A light extinguished in the world

Another light of the Portland YA community has been extinguished.

I met Bridget Zinn shortly after she and her then-boyfriend Barrett had moved to Portland. They attended a SCWBI event together and sat behind me. We spoke at the break. Even then I was struck by her beauty and intelligence.

It wasn't that long after that Bridget's life got crazy good and crazy bad, all in one month:
- She was diagnosed with colon cancer.
- She and Barrett got married in her hospital room by the hospital chaplain. (They went on to get remarried a few more times in what they called The Summer of Love.)
- She got an agent for her YA novel, Poison.

Not long after, Poison sold at at auction, to Disney/Hyperion. Poison is about a teen girl turned reluctant assassin as she hunts down the princess of the realm, her former best friend, with the aid of an enchanted piglet. It's a magical book that reminds me a lot of The Princes Bride.

Bridget was funny, smart, and passionate. If I was going to use one word for her, it would be vibrant. Or radiant. She and Barrett made the very best of the very poor hand they had been dealt.

She was very young when she first started having symptoms of colon cancer. A doctor told her she was too young to have it and did not do follow up. If he had, she might have lived. And he was dead wrong. Even in your 20s, you are not too young to get colon cancer (although that young it's possible there's a genetic component).

Please see your doctor if you are having these symptoms:
- A change in your bowel habits, including diarrhea or constipation or a change in the consistency of your stool for more than a couple of weeks
- Rectal bleeding or blood in your stool
- Persistent abdominal discomfort, such as cramps, gas or pain
- A feeling that your bowel doesn't empty completely
- Weakness or fatigue
- Unexplained weight loss

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April, this is a wonderful tribute to Bridget.

This is a terrible year for the Portland kidlit/YA community, with Lisa and Bridget's deaths coming so close together. Both of them so young and so talented.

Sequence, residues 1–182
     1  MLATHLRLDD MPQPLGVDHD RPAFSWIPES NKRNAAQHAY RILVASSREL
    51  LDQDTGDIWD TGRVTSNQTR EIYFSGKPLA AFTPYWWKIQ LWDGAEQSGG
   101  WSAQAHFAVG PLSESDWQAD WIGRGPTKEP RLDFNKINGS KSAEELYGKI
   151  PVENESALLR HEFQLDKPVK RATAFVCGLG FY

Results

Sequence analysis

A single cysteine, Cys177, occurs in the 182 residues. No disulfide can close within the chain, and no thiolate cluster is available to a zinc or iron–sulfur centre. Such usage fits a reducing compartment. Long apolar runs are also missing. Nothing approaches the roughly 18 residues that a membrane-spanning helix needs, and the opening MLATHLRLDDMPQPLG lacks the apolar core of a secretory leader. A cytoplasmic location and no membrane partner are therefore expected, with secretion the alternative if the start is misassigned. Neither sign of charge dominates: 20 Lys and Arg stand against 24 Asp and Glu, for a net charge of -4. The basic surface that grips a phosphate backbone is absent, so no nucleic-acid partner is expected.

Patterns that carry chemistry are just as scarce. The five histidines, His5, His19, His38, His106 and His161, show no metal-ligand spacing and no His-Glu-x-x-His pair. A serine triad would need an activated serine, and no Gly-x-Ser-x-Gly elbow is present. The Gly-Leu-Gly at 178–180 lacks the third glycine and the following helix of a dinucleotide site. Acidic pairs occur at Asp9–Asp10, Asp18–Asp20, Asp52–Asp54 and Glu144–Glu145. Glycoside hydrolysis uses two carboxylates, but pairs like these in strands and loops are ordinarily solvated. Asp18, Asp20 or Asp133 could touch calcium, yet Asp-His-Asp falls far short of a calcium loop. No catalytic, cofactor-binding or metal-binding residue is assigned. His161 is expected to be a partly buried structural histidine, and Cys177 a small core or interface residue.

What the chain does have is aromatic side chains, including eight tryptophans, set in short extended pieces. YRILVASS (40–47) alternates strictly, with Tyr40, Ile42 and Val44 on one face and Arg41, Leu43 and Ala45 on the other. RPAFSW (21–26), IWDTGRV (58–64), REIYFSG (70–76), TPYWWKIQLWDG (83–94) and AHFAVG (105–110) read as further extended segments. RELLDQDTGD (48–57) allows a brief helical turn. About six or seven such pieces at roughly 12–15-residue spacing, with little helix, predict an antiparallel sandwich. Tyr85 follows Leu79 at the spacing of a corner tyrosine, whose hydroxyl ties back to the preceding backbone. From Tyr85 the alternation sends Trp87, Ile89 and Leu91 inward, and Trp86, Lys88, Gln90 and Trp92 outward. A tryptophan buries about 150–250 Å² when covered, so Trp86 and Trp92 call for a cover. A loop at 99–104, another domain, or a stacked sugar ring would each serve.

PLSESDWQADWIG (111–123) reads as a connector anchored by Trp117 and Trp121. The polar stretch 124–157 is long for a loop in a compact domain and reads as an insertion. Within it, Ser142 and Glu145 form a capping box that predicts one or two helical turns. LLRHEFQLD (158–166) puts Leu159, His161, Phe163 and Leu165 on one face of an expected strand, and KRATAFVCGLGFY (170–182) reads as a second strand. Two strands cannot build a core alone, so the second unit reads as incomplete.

It hurts that Bridget never got to see POISON in the hands of readers. (I don't understand why it had such a late release date after acceptance.)

Thank you for being a great friend to both Bridget and Lisa. I know you helped them in many ways during their illnesses.

Lisa and especially Bridget made the most of their days, which is something we can all aspire to.
I hope you don't mind that I reposted this on my Facebook. I am not good with my words when it comes to these things and you said it so perfectly. It is a sad time and there are many what if's that leave one feeling an accute sense of unfairness. Even for those that didn't know her that well.
So sorry to hear of this tragic loss. It's just so unbelievable that the Portland YA community has lost two young and talented writers this year.
So sad. I guess we should make the most of every day we are given. Never know what tomorrow will bring.
She had a real zest for living. If you look at some of her blog posts (over at BridgetZinn.com) that really comes through.
This broke my heart when I found out yesterday. And I didn't even know Bridget. I'm so sorry for your loss, April.
I'm so, so sorry. The way in which the writing community rose to support Bridget was so inspiring, and in every post about her, you could tell that she was someone very special. Hugs to you, and to her family.
I'm so sorry, April. I never met Bridget, though I had expected to one day, at a library or a writing event. I remember first hearing about her when she was diagnosed and the first auction was so widely publicized, and I guess I have been assuming that her treatment was successful. I'm sending prayers for comfort for her family and friends.

I'm so sorry you are having to endure these losses.
When she was diagnosed, it had already spread. Once that happens, except for testicular cancer and some juvenile cancers, there is no turning back.